IE 11 is not supported. For an optimal experience visit our site on another browser.

The worst jobs for the 21st Century

Health care, education and financial services — if you're looking for work in the coming decades, these are the fields to get into.
/ Source: Forbes

Health care, education and financial services — if you're looking for work in the coming decades, these are the fields to get into.

What to avoid? The usual suspects. According to the projections by the U.S. government, manufacturing jobs are expected to decline by more than 5 percent by 2014 as production moves overseas. Same goes for textile workers, such as sewing machine operators, who will see a 36 percent drop in employment. Technology will kill off more office positions, such as file clerks. They'll see a 36 percent drop in their ranks by 2014. Digital cameras will zap the manual photo processing industry by about 30 percent. And that guy who comes around to read your electric meter? Expect to see a lot less of him, too.

But these are the obvious victims as the U.S. moves from a goods-producing economy to a services-producing economy. More interesting are the jobs that are likely to experience slower than average growth (average being about 13 percent). This is where the surprises are.

Like computer programmers. Despite all the advances — and expected job growth — in the computer industry, expect the number of programmers to increase by about 2 percent between 2004-2014. Why? Outsourcing. Americans who want a career in this field should find a specialization, like cybersecurity.

Another endangered species: journalists. Despite the proliferation of media outlets, newspapers, where the bulk of U.S. reporters work, will cut costs and jobs as the Internet replaces print. While current events will always need to be covered (we hope), the number of reporting positions is expected to grow by just 5 percent in the coming decade, the Labor Department says. Most jobs will be in small (read: low-paying) markets.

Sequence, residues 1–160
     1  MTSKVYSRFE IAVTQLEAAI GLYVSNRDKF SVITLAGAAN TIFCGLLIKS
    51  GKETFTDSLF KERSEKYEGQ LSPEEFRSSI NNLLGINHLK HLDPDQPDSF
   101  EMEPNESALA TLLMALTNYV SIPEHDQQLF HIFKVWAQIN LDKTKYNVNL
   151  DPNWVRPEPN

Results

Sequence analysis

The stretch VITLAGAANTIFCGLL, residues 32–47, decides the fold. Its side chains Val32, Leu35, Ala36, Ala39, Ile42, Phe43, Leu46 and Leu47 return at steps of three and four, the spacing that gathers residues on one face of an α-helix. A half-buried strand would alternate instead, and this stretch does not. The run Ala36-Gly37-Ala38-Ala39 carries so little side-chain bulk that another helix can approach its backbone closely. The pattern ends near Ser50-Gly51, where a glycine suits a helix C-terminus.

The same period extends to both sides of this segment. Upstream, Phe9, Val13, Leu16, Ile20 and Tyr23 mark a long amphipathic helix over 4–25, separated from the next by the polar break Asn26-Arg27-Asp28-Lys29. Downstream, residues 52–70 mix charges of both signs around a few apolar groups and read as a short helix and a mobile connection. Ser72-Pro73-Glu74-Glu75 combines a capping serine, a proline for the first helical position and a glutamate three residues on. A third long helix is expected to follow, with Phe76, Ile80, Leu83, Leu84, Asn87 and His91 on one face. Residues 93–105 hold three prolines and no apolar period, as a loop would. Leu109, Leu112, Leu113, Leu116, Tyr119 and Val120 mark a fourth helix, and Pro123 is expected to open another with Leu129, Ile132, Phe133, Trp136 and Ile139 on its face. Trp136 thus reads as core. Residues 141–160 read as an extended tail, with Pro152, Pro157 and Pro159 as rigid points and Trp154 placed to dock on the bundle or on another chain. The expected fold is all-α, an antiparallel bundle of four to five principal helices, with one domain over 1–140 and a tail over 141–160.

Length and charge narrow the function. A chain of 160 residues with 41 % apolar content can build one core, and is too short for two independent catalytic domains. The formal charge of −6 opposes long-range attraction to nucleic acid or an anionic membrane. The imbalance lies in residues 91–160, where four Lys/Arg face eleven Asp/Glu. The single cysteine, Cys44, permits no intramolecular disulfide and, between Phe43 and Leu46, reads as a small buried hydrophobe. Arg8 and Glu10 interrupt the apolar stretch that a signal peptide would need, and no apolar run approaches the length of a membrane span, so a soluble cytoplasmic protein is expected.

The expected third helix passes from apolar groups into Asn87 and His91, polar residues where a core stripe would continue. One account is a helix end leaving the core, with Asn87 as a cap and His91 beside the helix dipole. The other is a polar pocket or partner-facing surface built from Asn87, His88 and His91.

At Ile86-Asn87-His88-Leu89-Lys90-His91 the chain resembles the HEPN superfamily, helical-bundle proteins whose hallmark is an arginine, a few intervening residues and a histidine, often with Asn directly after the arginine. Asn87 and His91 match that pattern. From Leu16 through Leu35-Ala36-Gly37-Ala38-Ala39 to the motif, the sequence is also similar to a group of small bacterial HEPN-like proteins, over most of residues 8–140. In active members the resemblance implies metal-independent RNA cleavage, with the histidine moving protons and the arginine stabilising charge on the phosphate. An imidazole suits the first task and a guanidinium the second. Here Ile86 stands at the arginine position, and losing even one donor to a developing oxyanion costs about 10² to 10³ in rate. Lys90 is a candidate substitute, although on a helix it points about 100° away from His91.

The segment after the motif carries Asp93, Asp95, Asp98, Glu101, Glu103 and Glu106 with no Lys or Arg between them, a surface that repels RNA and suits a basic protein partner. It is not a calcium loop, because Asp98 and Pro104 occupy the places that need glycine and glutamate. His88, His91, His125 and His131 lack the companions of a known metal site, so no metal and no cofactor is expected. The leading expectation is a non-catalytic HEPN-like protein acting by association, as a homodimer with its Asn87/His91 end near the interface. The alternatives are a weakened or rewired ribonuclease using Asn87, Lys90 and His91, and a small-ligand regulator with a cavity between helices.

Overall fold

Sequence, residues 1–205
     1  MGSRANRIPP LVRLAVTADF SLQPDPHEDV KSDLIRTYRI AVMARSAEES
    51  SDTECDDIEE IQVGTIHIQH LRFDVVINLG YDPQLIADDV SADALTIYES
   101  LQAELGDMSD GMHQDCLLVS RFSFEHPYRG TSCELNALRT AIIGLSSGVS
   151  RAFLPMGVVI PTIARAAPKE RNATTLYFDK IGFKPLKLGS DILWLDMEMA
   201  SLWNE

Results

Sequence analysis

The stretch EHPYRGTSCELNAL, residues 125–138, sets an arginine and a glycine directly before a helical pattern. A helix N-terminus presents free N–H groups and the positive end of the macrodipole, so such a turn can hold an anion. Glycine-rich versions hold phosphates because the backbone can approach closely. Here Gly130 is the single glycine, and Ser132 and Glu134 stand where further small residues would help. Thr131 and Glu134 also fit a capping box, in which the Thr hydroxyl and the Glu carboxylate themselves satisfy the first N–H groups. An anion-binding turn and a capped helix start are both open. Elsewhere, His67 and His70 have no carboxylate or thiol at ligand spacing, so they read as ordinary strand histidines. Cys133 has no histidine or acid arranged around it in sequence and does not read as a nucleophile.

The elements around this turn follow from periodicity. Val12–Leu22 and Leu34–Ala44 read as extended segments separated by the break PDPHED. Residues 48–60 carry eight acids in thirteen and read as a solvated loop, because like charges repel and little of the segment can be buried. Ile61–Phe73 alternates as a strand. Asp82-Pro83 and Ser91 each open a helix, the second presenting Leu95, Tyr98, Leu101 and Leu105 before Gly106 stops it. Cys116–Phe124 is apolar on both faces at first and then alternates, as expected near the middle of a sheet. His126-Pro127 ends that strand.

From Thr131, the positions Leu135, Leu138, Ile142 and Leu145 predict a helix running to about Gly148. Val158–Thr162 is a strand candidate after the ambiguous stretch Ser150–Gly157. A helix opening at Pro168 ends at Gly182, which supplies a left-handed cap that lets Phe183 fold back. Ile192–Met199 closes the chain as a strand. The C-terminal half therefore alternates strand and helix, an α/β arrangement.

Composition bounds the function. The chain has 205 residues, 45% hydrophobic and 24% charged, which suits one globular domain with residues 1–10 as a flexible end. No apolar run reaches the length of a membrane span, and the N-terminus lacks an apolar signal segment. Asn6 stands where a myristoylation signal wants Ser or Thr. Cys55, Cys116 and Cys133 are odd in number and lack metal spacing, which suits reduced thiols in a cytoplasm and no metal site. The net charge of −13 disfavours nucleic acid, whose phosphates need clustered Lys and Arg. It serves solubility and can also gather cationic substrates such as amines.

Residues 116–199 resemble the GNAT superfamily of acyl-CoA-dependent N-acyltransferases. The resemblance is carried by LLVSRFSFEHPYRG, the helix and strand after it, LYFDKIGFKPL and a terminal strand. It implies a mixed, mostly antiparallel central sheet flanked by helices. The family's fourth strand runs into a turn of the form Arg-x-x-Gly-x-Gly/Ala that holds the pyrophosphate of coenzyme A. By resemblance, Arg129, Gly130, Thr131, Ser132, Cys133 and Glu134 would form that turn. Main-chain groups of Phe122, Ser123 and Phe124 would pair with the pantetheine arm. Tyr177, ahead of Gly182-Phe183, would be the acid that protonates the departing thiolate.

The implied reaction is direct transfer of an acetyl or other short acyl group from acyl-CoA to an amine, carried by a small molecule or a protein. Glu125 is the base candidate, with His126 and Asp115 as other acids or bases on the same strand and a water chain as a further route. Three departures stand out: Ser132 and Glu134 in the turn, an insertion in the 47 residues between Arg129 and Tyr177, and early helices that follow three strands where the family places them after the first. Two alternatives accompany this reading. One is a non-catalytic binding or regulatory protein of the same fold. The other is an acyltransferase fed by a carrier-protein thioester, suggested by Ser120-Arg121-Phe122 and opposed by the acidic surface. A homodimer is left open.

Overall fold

Radio announcers will have a tough time, too. Station consolidation, advances in technology and a barren landscape for new radio stations will contribute to a 5 percent reduction in employment for announcers by the middle of the next decade. Even satellite radio doesn't seem immune from the changes. The two major companies, XM and Sirius — which now have plans to merge — have regularly operated in the red.

Anyone who regularly books their flights online can tell you why the travel agent business is in jeopardy. So here's a surprise: The Department of Labor only predicts a 6 percent drop in travel agent jobs by 2014. The demand for luxury and specialty travel, and increased spending on tourism, will buoy the industry somewhat. If you do plan to be a travel agent, best to find a niche field or specialize in specific-destination trips. Travel agents might also find success in organizing groups of foreign visitors to their home markets. But remember, the travel industry is highly connected to swings in economic conditions.

Worse off? Federal employees and their amazing benefits. Washington employs nearly 2 million people, not including the military, making it the country's largest employer. After Sept. 11, 2001, it expanded significantly due to homeland security needs. But those days may be coming to an end. By 2014, federal government jobs — excluding the Postal Service —  will only have increased by about 1.6 percent above 2004 levels due to the transfer of some jobs to state and local governments and the increased use of private contracting companies. Don't believe it? A report compiled by a House of Representatives panel earlier this year found that government spending on contracts rose by 103 percent between 2000 and 2005.

Should you be discouraged if a career you pinned your hopes on is not expected to grow? Not at all, says Anthony Spadafore, director of Pathfinders, a career counseling company in Alexandria, Va. He says that if people pursue their fields that play to their talents, they'll be able to compete for the top jobs where competition is fierce, even if the industry is diminishing.

"The idea of shrinking and hot fields, we think it's sort of a rudimentary way of looking at things," Spadafore says. "Believe it or not, there's still a need for bank tellers."